Colors and Fabrics

Carlia

Member
Just an errant thought I wanted to share with you all.


As we all know, when we speak about noble or royal houses in fantasy, there is usually a banner, emblems or/and a motto involved in making them stand out and distinguish them from the rest. You can also see it in real life, almost everyone who sees this will know it is French, and it is a sign a Frech king would have worn:


And it is used also in Tolkien's works, it is particularly clear with the Lords of Gondolin. (I know this is fanart, and just one version, but it works as an example).


I believe this is something we might like to consider when it comes to costumes, it could be used to send a visual message to the audience without having to explain who is above who in the rankings, and who is loyal to whom.


Using different shades of the same color and different fabrics to dress the members of a certain House, we can distinguish their place in the family, or hierarchy amongst the people that serve that House.


For example, in Tudor England only the king and the royal family (his wife, children, parents, and siblings) could wear clothes of gold or silver fabric, and purple, as purple was considered a royal a color.


This applied to many levels of society and quality of fabrics. The lower your ranking was in the social scale, the less likely you were to be allowed to wear silk, or velvet, or a finer wool or cotton fabric.


Maybe this could help us when marking the allegiance of certain characters, as well as their rank?
 

Karita Alexander

Administrator
Just an errant thought I wanted to share with you all.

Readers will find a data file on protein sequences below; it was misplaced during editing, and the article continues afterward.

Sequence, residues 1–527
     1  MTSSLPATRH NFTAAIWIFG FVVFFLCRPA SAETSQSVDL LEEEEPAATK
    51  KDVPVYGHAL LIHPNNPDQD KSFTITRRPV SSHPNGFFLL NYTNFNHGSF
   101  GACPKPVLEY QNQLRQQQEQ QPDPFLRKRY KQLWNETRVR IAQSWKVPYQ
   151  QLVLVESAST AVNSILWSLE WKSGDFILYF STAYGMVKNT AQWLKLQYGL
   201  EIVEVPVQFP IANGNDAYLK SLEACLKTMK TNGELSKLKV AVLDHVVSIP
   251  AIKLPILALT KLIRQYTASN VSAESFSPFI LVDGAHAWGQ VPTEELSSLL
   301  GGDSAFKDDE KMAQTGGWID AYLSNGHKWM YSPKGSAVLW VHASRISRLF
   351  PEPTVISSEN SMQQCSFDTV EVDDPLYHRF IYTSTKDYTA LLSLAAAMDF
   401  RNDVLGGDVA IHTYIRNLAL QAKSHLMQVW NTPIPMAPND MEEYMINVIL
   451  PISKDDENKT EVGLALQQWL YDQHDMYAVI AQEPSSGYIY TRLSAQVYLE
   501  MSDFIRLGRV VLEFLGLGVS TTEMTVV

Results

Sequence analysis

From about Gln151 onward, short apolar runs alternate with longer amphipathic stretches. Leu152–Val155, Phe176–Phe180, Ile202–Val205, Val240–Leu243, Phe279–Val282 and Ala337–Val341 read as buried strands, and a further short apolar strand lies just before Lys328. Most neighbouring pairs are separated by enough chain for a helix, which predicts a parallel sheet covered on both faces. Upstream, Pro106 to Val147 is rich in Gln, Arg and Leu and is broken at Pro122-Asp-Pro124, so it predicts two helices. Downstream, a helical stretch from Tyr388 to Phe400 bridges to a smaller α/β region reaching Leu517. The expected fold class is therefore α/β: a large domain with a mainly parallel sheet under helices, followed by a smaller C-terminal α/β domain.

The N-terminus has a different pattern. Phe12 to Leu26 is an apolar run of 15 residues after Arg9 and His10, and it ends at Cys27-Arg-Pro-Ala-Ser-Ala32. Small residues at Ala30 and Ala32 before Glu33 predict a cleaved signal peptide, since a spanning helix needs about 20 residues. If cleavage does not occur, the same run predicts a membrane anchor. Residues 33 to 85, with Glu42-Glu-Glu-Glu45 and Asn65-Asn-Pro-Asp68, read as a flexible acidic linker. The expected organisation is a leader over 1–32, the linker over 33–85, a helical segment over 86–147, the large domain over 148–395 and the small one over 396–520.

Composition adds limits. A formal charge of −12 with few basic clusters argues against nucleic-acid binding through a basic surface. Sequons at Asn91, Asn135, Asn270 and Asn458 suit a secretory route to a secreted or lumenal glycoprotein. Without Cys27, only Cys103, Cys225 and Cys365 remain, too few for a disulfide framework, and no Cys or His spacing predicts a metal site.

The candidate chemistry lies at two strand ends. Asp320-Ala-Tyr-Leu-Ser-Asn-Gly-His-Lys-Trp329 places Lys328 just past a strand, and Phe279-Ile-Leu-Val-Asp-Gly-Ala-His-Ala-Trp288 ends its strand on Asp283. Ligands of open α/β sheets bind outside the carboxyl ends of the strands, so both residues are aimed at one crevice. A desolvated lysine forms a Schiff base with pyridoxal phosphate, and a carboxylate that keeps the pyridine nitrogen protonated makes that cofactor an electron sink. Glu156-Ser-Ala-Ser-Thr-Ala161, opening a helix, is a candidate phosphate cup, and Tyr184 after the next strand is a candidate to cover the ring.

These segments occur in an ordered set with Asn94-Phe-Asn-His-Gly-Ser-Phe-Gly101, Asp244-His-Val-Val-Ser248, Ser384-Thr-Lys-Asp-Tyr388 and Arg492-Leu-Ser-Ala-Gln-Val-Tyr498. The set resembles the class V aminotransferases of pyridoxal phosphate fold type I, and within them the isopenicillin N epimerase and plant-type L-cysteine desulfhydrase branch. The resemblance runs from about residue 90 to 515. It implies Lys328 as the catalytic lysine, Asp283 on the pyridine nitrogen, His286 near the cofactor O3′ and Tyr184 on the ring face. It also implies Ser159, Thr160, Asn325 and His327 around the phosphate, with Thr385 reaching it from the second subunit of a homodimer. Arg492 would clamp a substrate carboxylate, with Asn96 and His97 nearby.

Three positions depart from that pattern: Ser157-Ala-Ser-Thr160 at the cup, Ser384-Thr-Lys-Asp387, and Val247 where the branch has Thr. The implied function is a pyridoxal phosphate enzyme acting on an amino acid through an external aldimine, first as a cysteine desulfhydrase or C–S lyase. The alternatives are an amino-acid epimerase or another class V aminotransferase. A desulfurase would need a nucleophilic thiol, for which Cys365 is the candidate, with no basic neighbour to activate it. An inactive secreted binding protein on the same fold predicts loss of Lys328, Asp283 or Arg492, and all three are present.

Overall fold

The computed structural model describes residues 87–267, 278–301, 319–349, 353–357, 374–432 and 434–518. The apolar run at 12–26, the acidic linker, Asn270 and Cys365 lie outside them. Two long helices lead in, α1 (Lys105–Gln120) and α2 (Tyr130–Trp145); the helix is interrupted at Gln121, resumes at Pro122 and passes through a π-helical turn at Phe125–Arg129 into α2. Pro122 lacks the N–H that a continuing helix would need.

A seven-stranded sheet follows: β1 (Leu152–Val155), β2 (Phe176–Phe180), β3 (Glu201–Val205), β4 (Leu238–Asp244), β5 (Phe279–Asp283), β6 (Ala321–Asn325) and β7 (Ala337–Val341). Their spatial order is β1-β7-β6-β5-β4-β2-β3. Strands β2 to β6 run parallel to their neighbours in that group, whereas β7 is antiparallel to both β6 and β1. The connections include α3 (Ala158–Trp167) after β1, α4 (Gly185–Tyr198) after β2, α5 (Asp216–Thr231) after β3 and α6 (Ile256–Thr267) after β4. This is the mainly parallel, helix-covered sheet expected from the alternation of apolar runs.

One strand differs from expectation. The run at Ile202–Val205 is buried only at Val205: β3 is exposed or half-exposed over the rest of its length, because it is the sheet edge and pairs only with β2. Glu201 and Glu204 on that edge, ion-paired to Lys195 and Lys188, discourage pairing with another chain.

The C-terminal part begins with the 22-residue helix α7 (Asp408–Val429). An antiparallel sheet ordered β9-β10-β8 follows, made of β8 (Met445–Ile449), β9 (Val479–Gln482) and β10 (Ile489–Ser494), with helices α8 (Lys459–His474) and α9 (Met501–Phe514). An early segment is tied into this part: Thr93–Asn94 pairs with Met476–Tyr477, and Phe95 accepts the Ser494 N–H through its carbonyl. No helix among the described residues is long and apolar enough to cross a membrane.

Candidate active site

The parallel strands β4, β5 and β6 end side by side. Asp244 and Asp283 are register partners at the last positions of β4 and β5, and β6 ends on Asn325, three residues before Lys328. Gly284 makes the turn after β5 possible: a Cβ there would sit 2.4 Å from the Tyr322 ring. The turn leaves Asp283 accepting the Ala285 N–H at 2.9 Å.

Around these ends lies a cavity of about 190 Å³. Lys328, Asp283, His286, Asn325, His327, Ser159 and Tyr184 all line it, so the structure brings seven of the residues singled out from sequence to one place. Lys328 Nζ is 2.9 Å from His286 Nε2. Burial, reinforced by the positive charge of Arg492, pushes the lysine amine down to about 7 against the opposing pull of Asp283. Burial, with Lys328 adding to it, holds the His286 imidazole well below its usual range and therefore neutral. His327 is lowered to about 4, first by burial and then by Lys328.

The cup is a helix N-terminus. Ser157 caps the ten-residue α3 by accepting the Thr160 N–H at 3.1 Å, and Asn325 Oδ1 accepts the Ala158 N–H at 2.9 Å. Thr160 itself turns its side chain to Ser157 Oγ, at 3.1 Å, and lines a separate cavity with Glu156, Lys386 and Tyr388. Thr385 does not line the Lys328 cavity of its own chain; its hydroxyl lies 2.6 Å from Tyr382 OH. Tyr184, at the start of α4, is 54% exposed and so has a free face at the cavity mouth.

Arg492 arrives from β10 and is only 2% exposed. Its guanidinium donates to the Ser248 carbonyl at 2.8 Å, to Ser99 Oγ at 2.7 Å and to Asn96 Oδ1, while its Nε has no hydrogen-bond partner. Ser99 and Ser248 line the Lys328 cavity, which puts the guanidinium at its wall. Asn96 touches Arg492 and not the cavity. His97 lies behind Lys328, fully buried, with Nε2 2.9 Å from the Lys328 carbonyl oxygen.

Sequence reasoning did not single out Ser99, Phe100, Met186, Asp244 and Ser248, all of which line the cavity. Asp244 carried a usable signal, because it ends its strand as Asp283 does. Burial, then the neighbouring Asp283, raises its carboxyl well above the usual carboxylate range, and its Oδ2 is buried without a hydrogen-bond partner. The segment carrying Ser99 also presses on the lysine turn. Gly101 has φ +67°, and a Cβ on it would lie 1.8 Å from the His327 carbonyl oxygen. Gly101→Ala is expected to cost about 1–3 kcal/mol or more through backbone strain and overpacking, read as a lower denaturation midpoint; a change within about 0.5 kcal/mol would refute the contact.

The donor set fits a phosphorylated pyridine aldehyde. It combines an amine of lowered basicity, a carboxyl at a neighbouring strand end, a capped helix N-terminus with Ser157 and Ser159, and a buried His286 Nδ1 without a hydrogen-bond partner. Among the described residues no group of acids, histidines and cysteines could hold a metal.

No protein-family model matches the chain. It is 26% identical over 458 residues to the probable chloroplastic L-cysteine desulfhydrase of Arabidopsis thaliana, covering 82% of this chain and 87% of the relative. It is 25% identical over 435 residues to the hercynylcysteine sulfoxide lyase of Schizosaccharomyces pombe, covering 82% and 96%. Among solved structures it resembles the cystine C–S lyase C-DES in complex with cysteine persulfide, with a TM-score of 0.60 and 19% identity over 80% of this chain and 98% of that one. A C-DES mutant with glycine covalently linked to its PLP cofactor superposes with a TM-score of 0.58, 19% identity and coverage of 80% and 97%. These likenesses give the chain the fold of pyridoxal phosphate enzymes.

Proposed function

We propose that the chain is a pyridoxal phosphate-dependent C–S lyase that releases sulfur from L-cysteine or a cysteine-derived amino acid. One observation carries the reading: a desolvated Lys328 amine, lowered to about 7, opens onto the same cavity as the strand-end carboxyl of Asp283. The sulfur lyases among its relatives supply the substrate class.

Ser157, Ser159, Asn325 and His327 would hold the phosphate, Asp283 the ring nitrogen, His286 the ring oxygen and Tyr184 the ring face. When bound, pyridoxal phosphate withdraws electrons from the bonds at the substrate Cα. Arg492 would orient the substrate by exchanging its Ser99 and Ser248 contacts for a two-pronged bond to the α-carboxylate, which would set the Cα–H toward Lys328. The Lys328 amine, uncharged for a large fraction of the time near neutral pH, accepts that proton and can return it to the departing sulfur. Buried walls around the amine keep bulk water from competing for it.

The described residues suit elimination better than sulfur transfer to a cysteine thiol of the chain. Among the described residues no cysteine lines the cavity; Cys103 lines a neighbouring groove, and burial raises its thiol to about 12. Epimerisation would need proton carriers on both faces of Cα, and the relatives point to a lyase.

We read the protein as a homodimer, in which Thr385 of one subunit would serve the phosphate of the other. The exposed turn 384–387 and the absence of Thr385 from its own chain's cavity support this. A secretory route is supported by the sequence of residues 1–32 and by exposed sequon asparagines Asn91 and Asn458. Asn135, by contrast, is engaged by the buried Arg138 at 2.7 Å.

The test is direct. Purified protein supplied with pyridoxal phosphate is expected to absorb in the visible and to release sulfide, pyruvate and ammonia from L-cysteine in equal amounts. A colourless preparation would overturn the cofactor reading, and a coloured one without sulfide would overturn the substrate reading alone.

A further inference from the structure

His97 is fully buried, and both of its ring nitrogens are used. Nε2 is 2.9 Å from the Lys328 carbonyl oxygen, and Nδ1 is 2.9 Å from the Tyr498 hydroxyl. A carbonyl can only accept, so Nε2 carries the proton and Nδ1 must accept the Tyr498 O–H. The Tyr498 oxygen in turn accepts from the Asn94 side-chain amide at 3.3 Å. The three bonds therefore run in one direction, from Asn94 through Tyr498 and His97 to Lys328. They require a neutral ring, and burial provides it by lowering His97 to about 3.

Using different shades of the same color and different fabrics to dress the members of a certain House, we can distinguish their place in the family, or hierarchy amongst the people that serve that House.


For example, in Tudor England only the king and the royal family (his wife, children, parents, and siblings) could wear clothes of gold or silver fabric, and purple, as purple was considered a royal a color.


This applied to many levels of society and quality of fabrics. The lower your ranking was in the social scale, the less likely you were to be allowed to wear silk, or velvet, or a finer wool or cotton fabric.


Maybe this could help us when marking the allegiance of certain characters, as well as their rank?
I like this idea. It will help combat the appearance of homogeneous crowd. I can't imagine elves having actual laws in place about who can wear which color, but it would stand to reason that people from the same area or family would have access to and/or a preference for specific colors and materials.
 

Brandon Lovesee

New Member
The first thought that I had when I read this was what would be the symbols of Thingol's Court in Doriath? I could certainly see Thingol having some kind of prominent crest and color scheme which could then pass down to characters like Beleg and Turin. In fact, wouldn't that make a cool scene when Turin is "adopted" into the royal court and awarded those symbols along with the Dragonhelm?
 

Carlia

Member
The first thought that I had when I read this was what would be the symbols of Thingol's Court in Doriath? I could certainly see Thingol having some kind of prominent crest and color scheme which could then pass down to characters like Beleg and Turin. In fact, wouldn't that make a cool scene when Turin is "adopted" into the royal court and awarded those symbols along with the Dragonhelm?
Yes, I think that would make a lot of sense. I like the idea a lot. Maybe we could see Túrin arriving at Doriath wearing clothes the same color of his family's and then next time we see him, he is wearing Thingol's colors...
 
Top